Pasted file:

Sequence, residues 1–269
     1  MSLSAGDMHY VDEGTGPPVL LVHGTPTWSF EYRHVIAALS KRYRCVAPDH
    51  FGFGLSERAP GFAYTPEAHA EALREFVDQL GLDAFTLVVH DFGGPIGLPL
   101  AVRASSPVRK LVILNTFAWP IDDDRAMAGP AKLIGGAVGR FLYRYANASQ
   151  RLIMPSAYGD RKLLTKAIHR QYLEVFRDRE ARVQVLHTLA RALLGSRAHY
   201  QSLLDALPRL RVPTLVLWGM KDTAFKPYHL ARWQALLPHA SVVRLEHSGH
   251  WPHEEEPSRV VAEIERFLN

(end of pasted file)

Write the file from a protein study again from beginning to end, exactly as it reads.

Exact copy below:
Sequence, residues 1–269
     1  MSLSAGDMHY VDEGTGPPVL LVHGTPTWSF EYRHVIAALS KRYRCVAPDH
    51  FGFGLSERAP GFAYTPEAHA EALREFVDQL GLDAFTLVVH DFGGPIGLPL
   101  AVRASSPVRK LVILNTFAWP IDDDRAMAGP AKLIGGAVGR FLYRYANASQ
   151  RLIMPSAYGD RKLLTKAIHR QYLEVFRDRE ARVQVLHTLA RALLGSRAHY
   201  QSLLDALPRL RVPTLVLWGM KDTAFKPYHL ARWQALLPHA SVVRLEHSGH
   251  WPHEEEPSRV VAEIERFLN